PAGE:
|Native name: Sjælland|
The Cliffs of Stevns south of Copenhagen
|Area||7,031 km2 (2,714.7 sq mi)|
|Region||Capital Region of Denmark, Region Zealand|
|Largest city||Copenhagen (pop. 1,181,239)|
|Density||354.3 /km2 (917.6 /sq mi)|
Zealand, also Seeland (Danish: Sjælland; pronounced [ˈɕɛˌlænˀ]) is the largest island (7,031 km²) in Denmark (the 96th-largest island in the world and the 35th most populous). It is connected to Funen by the Great Belt Bridge, to Lolland, Falster(And Germany from 2021 ) by the Storstrøm Bridge and to Sweden over Amager and the Øresund Bridge.
Mythological origins 
In Norse mythology as told in the story of Gylfaginning, the island was created by the goddess Gefjun after she tricked Gylfi, the king of Sweden. She removed a piece of land and transported it to Denmark, and it became Zealand. The vacant area was filled with water and became Mälaren. However, since modern maps show a similarity between Zealand and the Swedish lake Vänern, it is sometimes identified as the hole left by Gefjun.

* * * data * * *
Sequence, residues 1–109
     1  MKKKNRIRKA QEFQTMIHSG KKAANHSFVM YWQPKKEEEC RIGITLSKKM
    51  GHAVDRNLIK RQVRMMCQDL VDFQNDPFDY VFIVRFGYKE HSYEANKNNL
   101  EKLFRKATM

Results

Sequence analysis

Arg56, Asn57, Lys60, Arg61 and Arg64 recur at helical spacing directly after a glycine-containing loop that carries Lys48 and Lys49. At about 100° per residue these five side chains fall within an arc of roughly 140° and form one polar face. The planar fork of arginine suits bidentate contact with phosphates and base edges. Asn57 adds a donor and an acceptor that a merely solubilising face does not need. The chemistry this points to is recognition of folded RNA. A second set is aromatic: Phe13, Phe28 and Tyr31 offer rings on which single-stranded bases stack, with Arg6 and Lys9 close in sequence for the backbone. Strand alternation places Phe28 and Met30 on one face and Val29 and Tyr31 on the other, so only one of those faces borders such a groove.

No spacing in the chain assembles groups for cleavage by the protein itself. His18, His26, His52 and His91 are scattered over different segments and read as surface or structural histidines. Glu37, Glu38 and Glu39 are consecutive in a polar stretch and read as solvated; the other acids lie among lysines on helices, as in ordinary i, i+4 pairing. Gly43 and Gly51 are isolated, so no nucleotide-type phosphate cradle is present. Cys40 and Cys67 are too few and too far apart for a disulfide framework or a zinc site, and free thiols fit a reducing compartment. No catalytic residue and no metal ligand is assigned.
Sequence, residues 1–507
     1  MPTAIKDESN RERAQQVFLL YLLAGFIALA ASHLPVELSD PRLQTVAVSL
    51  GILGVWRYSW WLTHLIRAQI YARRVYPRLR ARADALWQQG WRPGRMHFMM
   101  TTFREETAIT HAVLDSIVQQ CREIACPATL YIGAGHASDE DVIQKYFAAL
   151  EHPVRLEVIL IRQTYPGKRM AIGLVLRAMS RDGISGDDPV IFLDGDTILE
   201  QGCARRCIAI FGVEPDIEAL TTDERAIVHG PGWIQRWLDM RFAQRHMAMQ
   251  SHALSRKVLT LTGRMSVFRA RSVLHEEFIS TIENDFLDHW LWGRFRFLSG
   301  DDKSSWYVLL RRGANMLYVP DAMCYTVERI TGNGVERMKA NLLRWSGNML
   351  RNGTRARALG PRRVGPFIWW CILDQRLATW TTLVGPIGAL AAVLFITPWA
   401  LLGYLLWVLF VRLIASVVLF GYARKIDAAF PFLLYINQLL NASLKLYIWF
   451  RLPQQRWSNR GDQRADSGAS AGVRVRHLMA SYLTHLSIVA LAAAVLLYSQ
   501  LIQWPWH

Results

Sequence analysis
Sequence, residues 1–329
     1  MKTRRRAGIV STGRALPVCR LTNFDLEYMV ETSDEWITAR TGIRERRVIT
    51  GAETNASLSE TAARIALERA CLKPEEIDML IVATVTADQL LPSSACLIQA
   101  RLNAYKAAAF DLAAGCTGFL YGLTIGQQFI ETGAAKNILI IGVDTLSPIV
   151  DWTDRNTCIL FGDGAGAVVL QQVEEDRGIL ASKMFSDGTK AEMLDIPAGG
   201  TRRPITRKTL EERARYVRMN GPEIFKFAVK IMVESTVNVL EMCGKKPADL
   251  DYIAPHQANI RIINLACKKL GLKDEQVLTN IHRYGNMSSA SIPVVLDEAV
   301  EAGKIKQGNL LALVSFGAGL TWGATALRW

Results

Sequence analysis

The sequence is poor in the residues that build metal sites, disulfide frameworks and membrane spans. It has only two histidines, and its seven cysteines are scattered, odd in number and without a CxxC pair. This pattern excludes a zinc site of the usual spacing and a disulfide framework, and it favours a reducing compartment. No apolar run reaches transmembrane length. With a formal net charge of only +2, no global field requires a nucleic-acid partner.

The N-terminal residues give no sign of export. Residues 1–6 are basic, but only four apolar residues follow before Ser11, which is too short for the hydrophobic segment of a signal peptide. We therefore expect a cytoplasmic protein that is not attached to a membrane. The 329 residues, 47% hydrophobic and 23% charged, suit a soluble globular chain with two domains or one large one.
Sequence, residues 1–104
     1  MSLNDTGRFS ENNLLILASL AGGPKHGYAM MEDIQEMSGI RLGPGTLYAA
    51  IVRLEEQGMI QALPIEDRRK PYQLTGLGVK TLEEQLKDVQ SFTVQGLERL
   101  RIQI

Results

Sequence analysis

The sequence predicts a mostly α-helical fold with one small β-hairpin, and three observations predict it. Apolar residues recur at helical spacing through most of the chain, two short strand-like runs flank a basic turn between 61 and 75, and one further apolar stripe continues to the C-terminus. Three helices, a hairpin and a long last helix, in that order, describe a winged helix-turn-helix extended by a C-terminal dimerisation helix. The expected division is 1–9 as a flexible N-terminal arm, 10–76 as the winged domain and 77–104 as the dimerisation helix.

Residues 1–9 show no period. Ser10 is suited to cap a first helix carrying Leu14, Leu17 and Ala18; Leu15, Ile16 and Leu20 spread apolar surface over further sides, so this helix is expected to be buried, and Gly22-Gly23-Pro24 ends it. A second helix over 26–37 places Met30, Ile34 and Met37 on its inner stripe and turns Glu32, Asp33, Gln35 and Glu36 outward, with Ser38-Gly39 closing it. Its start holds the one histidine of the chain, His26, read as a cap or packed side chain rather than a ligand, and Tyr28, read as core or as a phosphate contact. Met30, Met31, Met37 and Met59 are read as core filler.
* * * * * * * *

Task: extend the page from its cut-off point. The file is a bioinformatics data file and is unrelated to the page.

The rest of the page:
Zealand is the most populous Danish island (pop. 2012 est. 2,491,090). It is joined to Funen by the Great Belt bridge and to Scania in Sweden by the Oresund bridge. It is irregularly shaped, and is north of the islands of Lolland, Falster, and Møn.
On June 5, 2007, the regional subsidiary of national broadcaster DR reported that Kobanke hill in the south east, near the town Rønnede in Faxe municipality, with a height of 122.9 m (403.21 feet), was the highest natural point on Zealand. Gyldenløveshøj, south of the city Roskilde, has a height of 126 m (413.4 feet), but that is due to a man-made hill from the 17th century and its highest natural point is only 121.3 m (397.96 feet).
Cities and towns 
Urban areas with +10,000 inhabitants:
See also 
- Media related to Zealand at Wikimedia Commons